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Support for New Helmholtz Junior Research Group: Start-Up Funding for Young Cancer Researcher

No. 53 | 26/09/2011 | by nis

A new Helmholtz Junior Research Group will be established at the German Cancer Research Center (Deutsches Krebsforschungszentrum, DKFZ). The Helmholtz-Association has chosen Dr. Andreas Fischer, jointly with 19 other outstanding young scientists, out of 220 high-profile applicants from Germany and abroad.

Dr. Andreas Fischer
© dkfz.de

As a Junior Research Group leader, Dr. Andreas Fischer will be able to establish his own research group and will have an annual budget of at least €250,000 at his disposal over the next five years. This will enable him to finance his own position plus at least three co-workers and the laboratory equipment.

“This award is a great acknowledgement of my work so far and an important milestone in my career. To be able to establish my own group at a leading research center such as DKFZ guarantees not only excellent conditions for my scientific projects but also marvelous
prospects for my personal future,” said Andreas Fischer happily. Up to now, Dr. Fischer has led a working group in the field of “Vascular Biology” supported
jointly by the Medical Faculty Mannheim of Heidelberg University and the German Cancer Research Center (Deutsches Krebsforschungszentrum, DKFZ). Fischer is studying, among
other things, how blood vessels develop. He investigates molecular signals acting upon blood vessel cells called endothelial cells. Such signals determine where these cells will
sprout to form new small blood vessels, whether the new vessels will become veins or arteries and how the new blood vessels will mature. The sprouting of new blood vessels, or
angiogenesis, is of particular interest in cancer research: Without being connected to the supply paths of the bloodstream, a tumor could grow no bigger than the size of a pin head.
The molecular signals transmitted to endothelial cells are not only relevant in cancer: As Fischer was able to show in prior studies, they are also involved in the correct formation of
the anatomy of the heart. Disruptions affecting this signaling cascade also lead to brain vascular malformations.

Andreas Fischer has already been distinguished with several awards for his work: Only this year, he has been presented the Chica and Heinz Schaller Sponsorship Award comprising
research funds of 100,000 euros and the Dr. Hella Buehler Prize of 75,000 euros. Andreas Fischer (aged 34) studied medicine in Wuerzburg and Boston and earned an M.D.
in 2003. After his ‘Approbation’ as a medical doctor, he participated in a three-year postdoctoral training at the Biocenter of Wuerzburg University and joined DKFZ and Medical
Faculty Mannheim in 2007. He pursues his studies at DKFZ in the DKFZ-ZMBH Alliance, a strategic collaboration of DKFZ with the Center for Molecular Biology of Heidelberg University (Zentrum für Molekulare Biologie, ZMBH).

The new Helmholtz Junior Research Group will receive half of its funding from the Initiative and Networking Fund of Helmholtz Association and the other half from the German Cancer
Research Center. As a junior research group leader, Andreas Fischer will also be offered an option of a permanent position (tenure track), provided he will receive a positive expert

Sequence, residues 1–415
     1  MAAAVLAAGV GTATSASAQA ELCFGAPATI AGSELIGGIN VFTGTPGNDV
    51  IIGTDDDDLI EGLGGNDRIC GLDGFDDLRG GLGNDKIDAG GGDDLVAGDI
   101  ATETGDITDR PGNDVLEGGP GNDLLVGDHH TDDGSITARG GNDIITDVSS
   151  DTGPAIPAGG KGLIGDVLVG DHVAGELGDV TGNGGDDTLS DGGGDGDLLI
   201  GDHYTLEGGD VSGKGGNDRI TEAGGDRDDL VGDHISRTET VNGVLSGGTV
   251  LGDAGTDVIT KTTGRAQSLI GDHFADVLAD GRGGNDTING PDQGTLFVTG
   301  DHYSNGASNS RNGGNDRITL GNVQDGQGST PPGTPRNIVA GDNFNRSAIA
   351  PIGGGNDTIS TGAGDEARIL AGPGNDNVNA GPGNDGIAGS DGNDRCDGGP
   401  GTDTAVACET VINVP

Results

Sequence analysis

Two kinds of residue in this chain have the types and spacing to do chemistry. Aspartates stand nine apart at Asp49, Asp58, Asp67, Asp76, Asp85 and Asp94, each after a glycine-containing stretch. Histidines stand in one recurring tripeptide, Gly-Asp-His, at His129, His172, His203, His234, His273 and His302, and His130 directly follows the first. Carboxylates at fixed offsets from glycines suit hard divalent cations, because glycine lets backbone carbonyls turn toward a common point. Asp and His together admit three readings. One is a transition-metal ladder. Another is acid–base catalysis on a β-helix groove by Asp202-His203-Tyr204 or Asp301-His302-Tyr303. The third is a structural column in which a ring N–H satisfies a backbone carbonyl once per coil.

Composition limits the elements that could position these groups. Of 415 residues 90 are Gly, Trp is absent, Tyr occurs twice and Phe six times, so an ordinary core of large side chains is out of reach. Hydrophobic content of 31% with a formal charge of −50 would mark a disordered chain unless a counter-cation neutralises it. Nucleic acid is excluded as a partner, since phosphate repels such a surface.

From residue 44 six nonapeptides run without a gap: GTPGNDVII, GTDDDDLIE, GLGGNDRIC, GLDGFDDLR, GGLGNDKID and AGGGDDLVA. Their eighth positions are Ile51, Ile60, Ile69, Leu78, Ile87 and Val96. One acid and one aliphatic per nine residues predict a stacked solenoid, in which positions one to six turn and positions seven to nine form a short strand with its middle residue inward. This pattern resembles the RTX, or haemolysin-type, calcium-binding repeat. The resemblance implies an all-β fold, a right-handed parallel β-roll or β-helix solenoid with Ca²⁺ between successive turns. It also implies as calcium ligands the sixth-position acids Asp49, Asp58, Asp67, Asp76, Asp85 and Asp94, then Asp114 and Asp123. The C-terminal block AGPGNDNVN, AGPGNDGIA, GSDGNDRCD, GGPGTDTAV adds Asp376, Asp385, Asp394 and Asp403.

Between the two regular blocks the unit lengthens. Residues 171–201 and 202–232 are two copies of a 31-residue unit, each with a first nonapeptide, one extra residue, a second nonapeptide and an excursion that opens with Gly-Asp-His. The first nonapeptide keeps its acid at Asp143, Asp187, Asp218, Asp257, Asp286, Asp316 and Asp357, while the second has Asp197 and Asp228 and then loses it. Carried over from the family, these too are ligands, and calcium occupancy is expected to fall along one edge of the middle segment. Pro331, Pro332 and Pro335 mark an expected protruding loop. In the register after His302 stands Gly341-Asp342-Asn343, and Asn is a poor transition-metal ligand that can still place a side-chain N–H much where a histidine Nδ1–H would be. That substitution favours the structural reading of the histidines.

evaluation in four years time. This aspect makes these positions attractive for young researchers from research institutes worldwide.

The Junior Research Group Program also aims to enhance networking between Helmholtz Centers and partnering universities. The young researchers pursue research at a Helmholtz
Center and fulfill academic tasks at a partnering university at the same time so as to qualify also for a university career. Dr. Fischer will retain his affiliation to Medical Faculty Mannheim
of Heidelberg University and will be involved in teaching. The Helmholtz Association, of which DKFZ is a member, has made possible 151 Junior Research Groups by now.

The German Cancer Research Center (Deutsches Krebsforschungszentrum, DKFZ) with its more than 3,000 employees is the largest biomedical research institute in Germany. At DKFZ, more than 1,000 scientists investigate how cancer develops, identify cancer risk factors and endeavor to find new strategies to prevent people from getting cancer. They develop novel approaches to make tumor diagnosis more precise and treatment of cancer patients more successful. The staff of the Cancer Information Service (KID) offers information about the widespread disease of cancer for patients, their families, and the general public. Jointly with Heidelberg University Hospital, DKFZ has established the National Center for Tumor Diseases (NCT) Heidelberg, where promising approaches from cancer research are translated into the clinic. In the German Consortium for Translational Cancer Research (DKTK), one of six German Centers for Health Research, DKFZ maintains translational centers at seven university partnering sites. Combining excellent university hospitals with high-profile research at a Helmholtz Center is an important contribution to improving the chances of cancer patients. DKFZ is a member of the Helmholtz Association of National Research Centers, with ninety percent of its funding coming from the German Federal Ministry of Education and Research and the remaining ten percent from the State of Baden-Württemberg.

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